A fair argument can be made that if only 10% of banks and 3% of credit unions are actively banking marijuana related businesses, we absolutely need Congress (and the President) to step in and pass a law or laws to encourage more banks and credit unions to participate in the marijuana/cannabis industry. But even if a SAFE Banking Act, or equivalent, is passed by Congress and signed into law by the President, regulations and regulatory guidance will still need to be published and written, and banks and credit unions will still need to have a risk-based program with the panoply of required preventative and detective controls. Those programs are expensive to build, more expensive to maintain, and bring uncertain regulatory, legal, and reputational risk to the institution. And, of course, MRBs will still be federally illegal, and remain unregulated by any federal agencies.
Money Services Businesses (MSBs) – a lesson for banking Marijuana Related Businesses (MRBs)?
Money Services Businesses, or MSBs (check cashers, money transmitters, currency exchangers) are all perfectly legal, state-licensed, federally-registered financial institutions that, since 2002 have been required to have their own BSA/AML compliance programs and to report suspicious activity. Just like banks and credit unions. And in March 2005 the financial services regulators issued guidance to the industry on how to provide banking services to MSBs. The FinCEN press release provided the following explanation:
“The Financial Crimes Enforcement Network (“FinCEN”), together with the Board of Governors of the Federal Reserve System, the Office of the Comptroller of the Currency, the Federal Deposit Insurance Corporation, the Office of Thrift Supervision, and the National Credit Union Administration (collectively, the “Federal Banking Agencies”) are jointly issuing this Statement to address our expectations regarding banking institutions’ obligations under the Bank Secrecy Act for money services businesses, such as check cashers and money transmitters. Money services businesses are losing access to banking services as a result of concerns about regulatory scrutiny, the risks presented by money services business accounts, and the costs and burdens associated with maintaining such accounts. Concerns may stem, in part, from a misperception of the requirements of the Bank Secrecy Act, and the erroneous view that money services businesses present a uniform and unacceptably high risk of money laundering or other illicit activity.”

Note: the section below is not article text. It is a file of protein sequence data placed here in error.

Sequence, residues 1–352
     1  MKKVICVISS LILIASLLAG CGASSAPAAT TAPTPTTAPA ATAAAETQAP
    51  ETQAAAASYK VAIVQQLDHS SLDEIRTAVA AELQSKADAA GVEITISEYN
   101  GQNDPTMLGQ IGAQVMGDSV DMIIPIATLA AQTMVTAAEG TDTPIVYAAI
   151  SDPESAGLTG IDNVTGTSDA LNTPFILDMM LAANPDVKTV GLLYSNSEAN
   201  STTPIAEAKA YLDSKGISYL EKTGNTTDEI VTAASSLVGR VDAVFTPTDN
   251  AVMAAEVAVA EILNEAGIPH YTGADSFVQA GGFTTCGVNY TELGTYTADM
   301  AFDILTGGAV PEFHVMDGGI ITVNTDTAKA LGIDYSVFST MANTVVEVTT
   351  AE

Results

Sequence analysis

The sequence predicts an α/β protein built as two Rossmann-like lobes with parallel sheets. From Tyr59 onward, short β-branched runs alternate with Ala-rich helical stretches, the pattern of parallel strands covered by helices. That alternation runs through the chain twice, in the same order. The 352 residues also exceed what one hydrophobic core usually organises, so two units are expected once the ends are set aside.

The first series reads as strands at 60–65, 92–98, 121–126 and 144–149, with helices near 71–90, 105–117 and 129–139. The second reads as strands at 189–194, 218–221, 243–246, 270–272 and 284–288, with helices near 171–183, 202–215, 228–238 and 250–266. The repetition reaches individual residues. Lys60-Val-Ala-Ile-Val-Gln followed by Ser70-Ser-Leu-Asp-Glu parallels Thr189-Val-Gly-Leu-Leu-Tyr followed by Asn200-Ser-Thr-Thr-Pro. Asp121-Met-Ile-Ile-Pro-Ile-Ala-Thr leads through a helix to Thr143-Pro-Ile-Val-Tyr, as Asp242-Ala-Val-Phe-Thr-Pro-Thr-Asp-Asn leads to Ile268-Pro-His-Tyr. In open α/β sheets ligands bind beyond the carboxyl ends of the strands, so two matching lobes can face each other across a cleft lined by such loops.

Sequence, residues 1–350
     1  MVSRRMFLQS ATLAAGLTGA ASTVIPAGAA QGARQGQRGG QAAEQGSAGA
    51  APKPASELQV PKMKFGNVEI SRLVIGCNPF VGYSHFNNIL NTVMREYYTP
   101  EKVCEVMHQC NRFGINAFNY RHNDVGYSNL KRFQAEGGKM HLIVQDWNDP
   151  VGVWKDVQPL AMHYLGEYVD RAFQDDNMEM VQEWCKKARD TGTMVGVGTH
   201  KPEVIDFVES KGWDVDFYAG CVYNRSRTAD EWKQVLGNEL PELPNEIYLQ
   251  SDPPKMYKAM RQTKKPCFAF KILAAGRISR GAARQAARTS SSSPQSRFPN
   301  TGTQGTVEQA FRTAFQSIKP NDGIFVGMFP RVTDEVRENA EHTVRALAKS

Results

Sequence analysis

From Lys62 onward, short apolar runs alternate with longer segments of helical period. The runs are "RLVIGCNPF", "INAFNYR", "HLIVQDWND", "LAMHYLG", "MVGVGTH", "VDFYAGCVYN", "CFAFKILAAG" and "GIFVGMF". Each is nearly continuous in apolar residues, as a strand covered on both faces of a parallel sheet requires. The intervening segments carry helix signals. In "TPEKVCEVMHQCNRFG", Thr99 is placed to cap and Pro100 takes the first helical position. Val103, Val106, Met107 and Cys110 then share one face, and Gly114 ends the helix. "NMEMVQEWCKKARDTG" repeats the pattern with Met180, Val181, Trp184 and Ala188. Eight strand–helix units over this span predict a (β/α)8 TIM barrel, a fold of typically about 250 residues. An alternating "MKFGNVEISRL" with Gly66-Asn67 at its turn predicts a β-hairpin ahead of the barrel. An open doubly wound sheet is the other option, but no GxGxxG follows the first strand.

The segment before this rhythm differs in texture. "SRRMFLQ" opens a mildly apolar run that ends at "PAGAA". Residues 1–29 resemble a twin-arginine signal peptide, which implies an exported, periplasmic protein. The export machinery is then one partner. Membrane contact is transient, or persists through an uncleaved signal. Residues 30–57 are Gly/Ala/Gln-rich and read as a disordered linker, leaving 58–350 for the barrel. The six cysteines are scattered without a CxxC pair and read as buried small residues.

Notwithstanding that MSBs are legal businesses, are federally-regulated, and the regulators have encouraged banks to provide financial services to them, the vast majority of financial institutions today will not bank MSBs. Why? The real or perceived regulatory burdens are too onerous, and the regulatory, legal, and reputational risks are too great. There may be some data on what percentage of banks and credit unions are knowingly, actively banking MSBs, but I haven’t seen it. Anecdotes suggest that less than one in five banks and credit unions have an MSB banking program and are knowingly, actively providing depository and transactional services for MSBs.
So if less than one in five depository institutions are banking federally legal and regulated Money Services Businesses more than fifteen years after given a Congressional “green light”, and if the percentage of depository institutions banking federally illegal and unregulated Marijuana Related Businesses has more than doubled in the last two years to one in sixteen … do we really need Congress to pass a law encouraging depository institutions to bank these illegal, unregulated businesses, or do we simply wait until marijuana is federally legal, and then regulate the marijuana industry … hopefully better than we’ve done with the money services industry?
In December 2018 I proposed an idea to provide relief to depository institutions looking at knowingly, actively providing financial services to MRBs: have the regulatory agencies publish guidance that would treat MRBs like MSBs. The idea was simple … replace the terms “money services business” and “MSB” in the interagency 2005 guidance on MSBs, with “marijuana related business” and “MRB”. At least we might find that 20% of banks and credit unions would be able to balance the meager rewards with the uncertain risks and provide financial services to marijuana related businesses. See Richards – 2005 MSB Guidance = 2019 MRB Guidance